“CULTURALLY UNIQUE” DEFINITION UNDER P-3 VISA CAN INCLUDE HYBRID OR FUSION ART FORMS OF MORE THAN ONE CULTURE OR REGION

U.S. Citizenship and Immigration Services’ (USCIS) Administrative Appeals Office (AAO) issued a binding precedent decision in Matter of Skirball Cultural Center, 25 I&N Dec. 799 (AAO 2012) addressing the term “culturally unique” and its significance in adjudicating P-3 visa petitions for performing artists and entertainers. This decision is significant in light of a growing trend where the culturally unique artistic tradition of one country or ethnicity is influenced by artistic traditions from elsewhere. For instance, musicians trained in Indian classical music have incorporated Western jazz and rock influences. The most famous example of such a fusion band was Shakti, which incorporated South Indian Carnatic music and jazz elements, featuring guitarist John McLaughlin, South Indian violinist L. Shankar and Zakir Hussain on tabla and T.H Vikku Vinayakram on the ghatam (an earthen pot). Examples of hybrid groups abound all over the world, and a contemporary example is Afro Celt Sound Systems, which is a hybrid of African and Celt music. Afrobeat is another classic example of a fusion genre that originally fused American funk music with African rhythms, and its main exponent has been Fela Kuti. Until this decision, there was a risk that such groups would not be considered to be “culturally unique” as they did not incorporate the music which is unique to a particular country, nation, society, class, ethnicity, religion, tribe, or other group of persons.

The Skirball Cultural Center filed a P-3 nonimmigrant petition on behalf of a musical group from Argentina that was denied a performing artists’ visa for failing to establish that the group’s performance was “culturally unique” as required for this visa classification. USCIS noted that “due to the unusually complex and novel issue and the likelihood that the same issue could arise in future decisions, the decision was recommended for review.”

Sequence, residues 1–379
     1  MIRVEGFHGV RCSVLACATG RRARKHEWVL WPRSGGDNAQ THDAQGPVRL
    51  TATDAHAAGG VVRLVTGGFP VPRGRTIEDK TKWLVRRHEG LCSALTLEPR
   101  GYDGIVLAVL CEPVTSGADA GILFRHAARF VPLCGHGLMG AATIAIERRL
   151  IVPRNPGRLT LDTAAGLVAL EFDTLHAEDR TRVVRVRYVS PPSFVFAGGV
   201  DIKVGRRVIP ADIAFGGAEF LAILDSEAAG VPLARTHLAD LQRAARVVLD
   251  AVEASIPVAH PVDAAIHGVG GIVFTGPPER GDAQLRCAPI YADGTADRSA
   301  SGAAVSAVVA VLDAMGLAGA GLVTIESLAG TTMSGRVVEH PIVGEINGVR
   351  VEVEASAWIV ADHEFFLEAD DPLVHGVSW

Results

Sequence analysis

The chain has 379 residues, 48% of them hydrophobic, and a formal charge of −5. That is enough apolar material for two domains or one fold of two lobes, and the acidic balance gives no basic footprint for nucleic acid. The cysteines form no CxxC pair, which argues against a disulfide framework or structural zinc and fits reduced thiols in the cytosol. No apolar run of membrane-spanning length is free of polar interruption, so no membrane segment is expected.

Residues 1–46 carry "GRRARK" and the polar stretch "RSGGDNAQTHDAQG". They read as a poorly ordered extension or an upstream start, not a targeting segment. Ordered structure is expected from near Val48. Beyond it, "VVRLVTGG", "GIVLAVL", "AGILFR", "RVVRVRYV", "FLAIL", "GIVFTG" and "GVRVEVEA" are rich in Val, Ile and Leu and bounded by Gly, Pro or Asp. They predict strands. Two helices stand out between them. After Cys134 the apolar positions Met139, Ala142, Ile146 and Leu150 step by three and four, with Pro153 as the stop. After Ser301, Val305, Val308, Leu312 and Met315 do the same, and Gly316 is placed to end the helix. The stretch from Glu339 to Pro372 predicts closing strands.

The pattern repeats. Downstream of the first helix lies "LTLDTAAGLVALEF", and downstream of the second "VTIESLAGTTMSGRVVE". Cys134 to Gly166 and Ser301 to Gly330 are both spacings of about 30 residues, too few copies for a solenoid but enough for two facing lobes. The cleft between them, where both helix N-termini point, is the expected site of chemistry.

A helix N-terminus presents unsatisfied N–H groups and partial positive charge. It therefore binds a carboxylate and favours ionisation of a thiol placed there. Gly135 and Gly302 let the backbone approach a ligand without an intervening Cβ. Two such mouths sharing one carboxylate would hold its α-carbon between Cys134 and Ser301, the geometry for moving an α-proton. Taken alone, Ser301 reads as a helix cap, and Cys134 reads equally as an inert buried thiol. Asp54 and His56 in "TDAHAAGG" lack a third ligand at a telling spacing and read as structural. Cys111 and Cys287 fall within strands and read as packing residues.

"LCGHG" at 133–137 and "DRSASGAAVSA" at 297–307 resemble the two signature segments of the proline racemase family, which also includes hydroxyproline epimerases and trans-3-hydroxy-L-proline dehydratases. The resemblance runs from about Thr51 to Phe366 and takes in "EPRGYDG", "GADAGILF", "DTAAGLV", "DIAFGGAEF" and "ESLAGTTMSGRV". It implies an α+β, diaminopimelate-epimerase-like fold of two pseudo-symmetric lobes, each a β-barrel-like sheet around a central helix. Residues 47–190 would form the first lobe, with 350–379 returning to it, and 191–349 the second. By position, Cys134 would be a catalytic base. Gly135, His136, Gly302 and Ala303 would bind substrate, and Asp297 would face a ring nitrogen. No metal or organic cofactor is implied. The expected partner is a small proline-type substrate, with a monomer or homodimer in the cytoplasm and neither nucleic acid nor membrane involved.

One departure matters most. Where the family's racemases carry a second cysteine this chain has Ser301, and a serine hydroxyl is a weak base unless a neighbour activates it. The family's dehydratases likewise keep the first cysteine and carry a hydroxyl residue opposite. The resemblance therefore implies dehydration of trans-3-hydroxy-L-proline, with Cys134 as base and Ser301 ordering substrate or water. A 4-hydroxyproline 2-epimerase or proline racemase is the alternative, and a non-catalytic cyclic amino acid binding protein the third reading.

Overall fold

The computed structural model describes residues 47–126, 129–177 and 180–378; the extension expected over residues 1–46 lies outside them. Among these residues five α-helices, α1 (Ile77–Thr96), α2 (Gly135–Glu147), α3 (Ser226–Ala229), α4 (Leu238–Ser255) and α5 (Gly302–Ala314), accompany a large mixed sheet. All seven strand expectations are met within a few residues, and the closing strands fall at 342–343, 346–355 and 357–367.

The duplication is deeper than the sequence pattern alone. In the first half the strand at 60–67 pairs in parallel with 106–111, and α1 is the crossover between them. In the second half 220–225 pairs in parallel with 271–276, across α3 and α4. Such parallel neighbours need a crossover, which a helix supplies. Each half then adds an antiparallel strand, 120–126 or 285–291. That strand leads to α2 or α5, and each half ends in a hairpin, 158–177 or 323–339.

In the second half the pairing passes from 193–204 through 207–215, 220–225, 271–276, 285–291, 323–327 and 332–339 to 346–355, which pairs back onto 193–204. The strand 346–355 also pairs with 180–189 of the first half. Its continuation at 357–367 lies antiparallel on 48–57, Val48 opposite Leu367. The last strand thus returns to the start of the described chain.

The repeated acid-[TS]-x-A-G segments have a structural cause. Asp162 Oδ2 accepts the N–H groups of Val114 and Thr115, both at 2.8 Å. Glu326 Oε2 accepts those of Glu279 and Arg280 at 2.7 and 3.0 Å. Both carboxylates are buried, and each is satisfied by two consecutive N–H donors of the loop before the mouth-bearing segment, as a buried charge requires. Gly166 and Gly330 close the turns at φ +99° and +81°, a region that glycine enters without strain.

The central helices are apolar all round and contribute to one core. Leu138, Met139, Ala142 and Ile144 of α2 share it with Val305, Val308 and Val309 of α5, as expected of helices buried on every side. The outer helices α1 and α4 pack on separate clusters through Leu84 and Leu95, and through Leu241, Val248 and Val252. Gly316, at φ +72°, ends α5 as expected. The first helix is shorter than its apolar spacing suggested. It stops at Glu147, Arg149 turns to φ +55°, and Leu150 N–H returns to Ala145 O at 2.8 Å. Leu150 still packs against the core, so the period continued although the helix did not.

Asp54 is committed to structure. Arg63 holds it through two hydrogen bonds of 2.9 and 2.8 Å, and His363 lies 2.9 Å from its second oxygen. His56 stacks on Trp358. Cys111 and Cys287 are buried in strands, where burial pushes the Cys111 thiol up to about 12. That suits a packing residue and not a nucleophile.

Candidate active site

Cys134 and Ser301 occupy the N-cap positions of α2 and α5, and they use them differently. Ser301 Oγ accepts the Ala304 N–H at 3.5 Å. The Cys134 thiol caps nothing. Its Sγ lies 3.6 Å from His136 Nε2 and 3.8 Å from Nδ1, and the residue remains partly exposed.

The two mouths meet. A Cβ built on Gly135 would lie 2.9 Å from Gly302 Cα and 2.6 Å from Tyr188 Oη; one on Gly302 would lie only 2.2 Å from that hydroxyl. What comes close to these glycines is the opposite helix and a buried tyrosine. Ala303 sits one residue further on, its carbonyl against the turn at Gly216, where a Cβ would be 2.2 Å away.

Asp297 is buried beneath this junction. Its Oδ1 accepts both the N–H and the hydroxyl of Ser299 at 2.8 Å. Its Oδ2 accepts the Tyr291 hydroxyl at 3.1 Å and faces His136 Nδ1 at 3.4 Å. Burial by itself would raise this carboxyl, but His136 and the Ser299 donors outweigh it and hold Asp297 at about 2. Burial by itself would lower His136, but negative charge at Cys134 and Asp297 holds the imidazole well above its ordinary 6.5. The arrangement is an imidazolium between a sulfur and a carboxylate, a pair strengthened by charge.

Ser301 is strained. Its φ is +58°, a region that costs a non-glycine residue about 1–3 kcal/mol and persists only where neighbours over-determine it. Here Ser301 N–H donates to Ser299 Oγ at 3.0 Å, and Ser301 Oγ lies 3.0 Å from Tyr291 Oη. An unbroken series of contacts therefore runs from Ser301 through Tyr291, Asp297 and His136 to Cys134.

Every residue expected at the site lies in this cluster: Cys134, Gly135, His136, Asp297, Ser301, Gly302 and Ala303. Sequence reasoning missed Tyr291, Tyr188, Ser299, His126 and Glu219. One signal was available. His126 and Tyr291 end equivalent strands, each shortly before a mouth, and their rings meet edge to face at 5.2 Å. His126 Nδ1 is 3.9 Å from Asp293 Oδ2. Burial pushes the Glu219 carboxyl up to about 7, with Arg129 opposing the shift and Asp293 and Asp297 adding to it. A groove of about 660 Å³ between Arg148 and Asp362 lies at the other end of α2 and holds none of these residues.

The AAO approved the petition after its review of the entire record, which included expert written testimony and corroborating evidence on behalf of the musical group. USCIS said that the regulatory definition of “culturally unique” requires the agency to make a case-by-case factual determination. The decision clarifies that a “culturally unique” style of art or entertainment is not limited to traditional art forms, but may include artistic expression that is deemed to be a hybrid or fusion of more than one culture or region.

The petitioner had sought classification of the beneficiaries as P-3 entertainers for a period of approximately six weeks. The beneficiaries were musicians in the group known as Orquesta Kef. The ensemble of seven musicians from Argentina had been performing together for between four and eight years, according to a letter dated September 2009, and performed music that blended klezmer (Jewish music of Eastern Europe) with Latin and South American influences. The group’s biography stated that the band had developed “its own and unique musical style” based on “the millenary force of tradition and the powerful emotion of the Jewish culture, mixed in with Latin American sounds.” The petitioner also provided a letter from an associate professor at the University of Southern California’s Annenberg School for Communication supporting the band’s claim to cultural uniqueness, among other submitted expert opinion letters and published materials.

The decision noted that Congress did not define the term “culturally unique” and the former Immigration and Naturalization Service (now USCIS) defined it in regulations as “a style of artistic expression, methodology, or medium which is unique to a particular country, nation, society, class, ethnicity, religion, tribe, or other group of persons.” See 8 C.F.R. § 214.2(p)(3)(2012).

In her decision denying the petition, the director stated that a hybrid or fusion style of music “cannot be considered culturally unique to one particular country, nation, society, class, ethnicity, religion, tribe, or other group of persons.”